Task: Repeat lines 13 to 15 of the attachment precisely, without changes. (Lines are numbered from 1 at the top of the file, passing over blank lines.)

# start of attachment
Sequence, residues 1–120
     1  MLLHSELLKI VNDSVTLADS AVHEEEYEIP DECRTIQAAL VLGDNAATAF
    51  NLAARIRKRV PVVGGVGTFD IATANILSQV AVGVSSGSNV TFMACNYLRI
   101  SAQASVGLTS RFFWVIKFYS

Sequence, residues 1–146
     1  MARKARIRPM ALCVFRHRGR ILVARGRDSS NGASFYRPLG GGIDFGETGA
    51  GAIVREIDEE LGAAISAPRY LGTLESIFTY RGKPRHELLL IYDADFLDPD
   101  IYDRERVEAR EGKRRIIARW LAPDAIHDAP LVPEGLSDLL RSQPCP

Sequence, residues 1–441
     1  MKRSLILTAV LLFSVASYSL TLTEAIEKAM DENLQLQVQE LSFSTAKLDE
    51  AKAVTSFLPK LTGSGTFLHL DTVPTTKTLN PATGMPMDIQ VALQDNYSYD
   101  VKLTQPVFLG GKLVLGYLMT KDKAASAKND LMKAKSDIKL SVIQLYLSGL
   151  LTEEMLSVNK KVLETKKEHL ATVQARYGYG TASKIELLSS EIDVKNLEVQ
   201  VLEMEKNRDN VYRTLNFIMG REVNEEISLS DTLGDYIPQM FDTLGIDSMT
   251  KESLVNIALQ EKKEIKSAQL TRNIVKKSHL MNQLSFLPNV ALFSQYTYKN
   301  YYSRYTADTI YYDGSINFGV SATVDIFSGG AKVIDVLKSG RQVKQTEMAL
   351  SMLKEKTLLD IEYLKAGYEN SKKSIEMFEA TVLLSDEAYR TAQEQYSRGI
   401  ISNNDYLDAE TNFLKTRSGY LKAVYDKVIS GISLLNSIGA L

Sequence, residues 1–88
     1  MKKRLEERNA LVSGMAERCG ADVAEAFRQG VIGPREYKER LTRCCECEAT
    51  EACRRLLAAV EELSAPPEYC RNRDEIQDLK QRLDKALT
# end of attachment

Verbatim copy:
   151  LTEEMLSVNK KVLETKKEHL ATVQARYGYG TASKIELLSS EIDVKNLEVQ
   201  VLEMEKNRDN VYRTLNFIMG REVNEEISLS DTLGDYIPQM FDTLGIDSMT
   251  KESLVNIALQ EKKEIKSAQL TRNIVKKSHL MNQLSFLPNV ALFSQYTYKN